Windeby I is the name given to the bog body found preserved in a peat bog near Windeby, Northern Germany, in 1952. Until recently, the body was also called the Windeby Girl, because an archeologist believed it to be the body of a 14-year-old girl, because of its slight build. Prof. Heather Gill-Robinson, a Canadian anthropologist and pathologist, used DNA testing to show the body was actually that of a sixteen-year-old boy. The body has been radiocarbon-dated to between 41 BCE and 118 CE. 
The body was discovered by commercial peat cutters in 1952, and is now on display at The Landesmuseum at the Schloß Gottorf in Schleswig, Germany. Unfortunately, by the time the body was noticed by the peat cutters, and before the peat-cutting machinery could be shut down, a hand, a foot, and a leg had been severed from the body. The body had been very well preserved by the peat, and despite this damage it is still an important archaeological discovery. Shortly after the discovery of Windeby I, another bog body (an adult male) was found nearby and dubbed Windeby II.
The body appears to have a half-shaven head and a woollen blindfold tied across the eyes. Recent examinations have however established that the hair over the half of the scalp was not shaven, but had rather decomposed due to being exposed to oxygen a little longer than the rest of the body. The "blindfold" is in fact a woollen band, made using the sprang technique, that was probably used to tie back the boy’s shoulder-length hair and which had slipped down over his face after death. Evidence from the body suggests that the boy had been killed, possibly as a sacrifice or a punishment. This idea is supported by the observation that the body was discovered beneath rocks and branches, which were presumably used to hold the body down.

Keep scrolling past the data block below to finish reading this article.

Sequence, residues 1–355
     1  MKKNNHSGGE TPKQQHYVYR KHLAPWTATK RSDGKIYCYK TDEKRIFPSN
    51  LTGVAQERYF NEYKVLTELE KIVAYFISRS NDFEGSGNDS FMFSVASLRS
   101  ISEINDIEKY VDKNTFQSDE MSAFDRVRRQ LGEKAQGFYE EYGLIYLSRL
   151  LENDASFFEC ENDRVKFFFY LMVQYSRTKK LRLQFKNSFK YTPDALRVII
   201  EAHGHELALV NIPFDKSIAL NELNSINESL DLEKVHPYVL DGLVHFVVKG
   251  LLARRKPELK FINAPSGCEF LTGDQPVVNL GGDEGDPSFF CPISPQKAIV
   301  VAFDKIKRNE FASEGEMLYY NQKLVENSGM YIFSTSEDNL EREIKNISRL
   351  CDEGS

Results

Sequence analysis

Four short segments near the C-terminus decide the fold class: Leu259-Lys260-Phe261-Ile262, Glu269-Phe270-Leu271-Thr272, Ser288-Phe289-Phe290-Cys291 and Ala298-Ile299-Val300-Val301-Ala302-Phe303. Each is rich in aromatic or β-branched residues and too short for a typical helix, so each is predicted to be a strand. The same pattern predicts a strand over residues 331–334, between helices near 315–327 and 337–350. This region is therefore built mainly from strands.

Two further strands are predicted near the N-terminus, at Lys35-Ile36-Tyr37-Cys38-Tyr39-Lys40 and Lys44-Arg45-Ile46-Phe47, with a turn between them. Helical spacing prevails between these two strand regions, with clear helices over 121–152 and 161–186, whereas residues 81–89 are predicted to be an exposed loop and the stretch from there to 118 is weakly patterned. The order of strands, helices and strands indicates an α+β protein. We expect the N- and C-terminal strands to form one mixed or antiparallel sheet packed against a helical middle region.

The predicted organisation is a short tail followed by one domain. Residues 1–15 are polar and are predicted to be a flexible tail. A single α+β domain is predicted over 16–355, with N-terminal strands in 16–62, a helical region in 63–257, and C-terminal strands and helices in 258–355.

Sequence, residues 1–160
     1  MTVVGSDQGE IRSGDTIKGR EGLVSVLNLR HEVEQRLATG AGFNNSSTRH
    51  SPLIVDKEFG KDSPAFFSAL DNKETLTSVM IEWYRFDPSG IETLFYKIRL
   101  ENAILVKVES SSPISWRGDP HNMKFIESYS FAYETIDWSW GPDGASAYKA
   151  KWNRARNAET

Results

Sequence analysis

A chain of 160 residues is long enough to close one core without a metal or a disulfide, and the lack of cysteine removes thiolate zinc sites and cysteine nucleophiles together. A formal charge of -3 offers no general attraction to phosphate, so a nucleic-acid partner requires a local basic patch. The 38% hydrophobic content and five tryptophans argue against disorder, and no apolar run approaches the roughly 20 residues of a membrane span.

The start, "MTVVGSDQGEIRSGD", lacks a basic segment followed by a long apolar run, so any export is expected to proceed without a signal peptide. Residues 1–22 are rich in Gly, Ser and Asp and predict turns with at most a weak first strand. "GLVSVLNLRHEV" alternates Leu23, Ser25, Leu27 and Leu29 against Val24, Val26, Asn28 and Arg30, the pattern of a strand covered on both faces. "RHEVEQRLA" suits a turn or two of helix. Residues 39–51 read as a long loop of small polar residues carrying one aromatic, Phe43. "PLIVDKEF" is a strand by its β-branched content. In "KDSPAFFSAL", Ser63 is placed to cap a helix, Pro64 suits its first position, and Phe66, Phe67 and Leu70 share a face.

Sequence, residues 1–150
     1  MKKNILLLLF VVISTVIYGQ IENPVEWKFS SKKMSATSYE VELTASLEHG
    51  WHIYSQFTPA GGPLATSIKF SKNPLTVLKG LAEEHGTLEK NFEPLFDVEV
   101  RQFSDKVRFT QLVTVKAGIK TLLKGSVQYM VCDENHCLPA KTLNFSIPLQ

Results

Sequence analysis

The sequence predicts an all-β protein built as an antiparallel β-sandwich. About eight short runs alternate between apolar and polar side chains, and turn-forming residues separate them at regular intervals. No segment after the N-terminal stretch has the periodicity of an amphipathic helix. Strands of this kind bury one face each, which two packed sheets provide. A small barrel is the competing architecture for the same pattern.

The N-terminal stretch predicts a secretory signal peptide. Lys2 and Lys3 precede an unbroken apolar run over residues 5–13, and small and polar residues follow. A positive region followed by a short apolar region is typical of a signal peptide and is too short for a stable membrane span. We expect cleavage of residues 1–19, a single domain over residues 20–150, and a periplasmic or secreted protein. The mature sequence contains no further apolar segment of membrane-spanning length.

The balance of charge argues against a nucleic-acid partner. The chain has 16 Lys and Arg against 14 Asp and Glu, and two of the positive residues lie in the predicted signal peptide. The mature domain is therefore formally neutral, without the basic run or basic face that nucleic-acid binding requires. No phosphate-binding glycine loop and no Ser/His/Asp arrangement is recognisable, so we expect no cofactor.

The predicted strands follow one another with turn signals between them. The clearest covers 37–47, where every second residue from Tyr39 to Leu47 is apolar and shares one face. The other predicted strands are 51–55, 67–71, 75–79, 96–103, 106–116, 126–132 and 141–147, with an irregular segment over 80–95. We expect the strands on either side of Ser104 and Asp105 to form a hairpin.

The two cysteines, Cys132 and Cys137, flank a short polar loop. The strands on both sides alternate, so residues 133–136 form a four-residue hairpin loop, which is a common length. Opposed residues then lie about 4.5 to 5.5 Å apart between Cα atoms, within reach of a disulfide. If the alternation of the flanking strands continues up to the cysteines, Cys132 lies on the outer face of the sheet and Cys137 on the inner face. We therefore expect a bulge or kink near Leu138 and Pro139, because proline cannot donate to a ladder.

Some notable bog bodies
(BCE/CE dates given are radiocarbon dates.)
- Bocksten Man, a modern body from 1290-1430 CE, found 1936 in Varberg Municipality, Sweden.
- Borremose Bodies, from 400-700 BCE, found 1940s in Himmerland, Denmark.
- Cladh Hallan mummies, from 1600-1300 BCE, found on the island of South Uist, Scotland.
- Clonycavan Man, from 392-201 BCE, found 2003 in County Meath, Ireland
- Girl of the Uchter Moor, found in 2000 in Uchte, Germany.
- Grauballe Man, from 290 BCE, found 1952 in Jutland, Denmark.
- Haraldskær Woman, from 490 BCE, found 1835 in Jutland, Denmark.
- Lindow Man, from 20-90 CE, found 1984 in Cheshire, England.
- Old Croghan Man, from 362-175 BCE, found in County Offaly, Ireland.
- Gebühr, Michael (2002). Verein zur Förderung des Archäologischen Landesmuseums e.V., ed. Moorleichen in Schleswig-Holstein (in German). Neumünster: Wachholtz. ISBN 3-529-01870-8.
- van der Sanden, Wijnand (1996). Through Nature to Eternity - The Bog Bodies of Northwest Europe. Amsterdam: Batavian Lion International. ISBN 90-6707-418-7.
- Gill-Robinson, Heather Catherine (2006). The iron age bog bodies of the Archaeologisches Landesmuseum, Schloss Gottorf, Schleswig, Germany. Manitoba: University of Manitoba. ISBN 978-0-494-12259-4. (Doctors thesis)
- Gebühr (2002) p. 47; cited in the corresponding article on German Wikipedia
- Diezel, Hage, Jankuhn, Klenk, Schaefer, Schlabow, Schürtrumpf, Spatz (1958). Zwei Moorleichenfunde aus dem Domlandsmoor. Praehistorische Zeitschrift (in German) 36 (Berlin: de Gruyter). pp. 186 Fig 1. ISSN 0079-4848.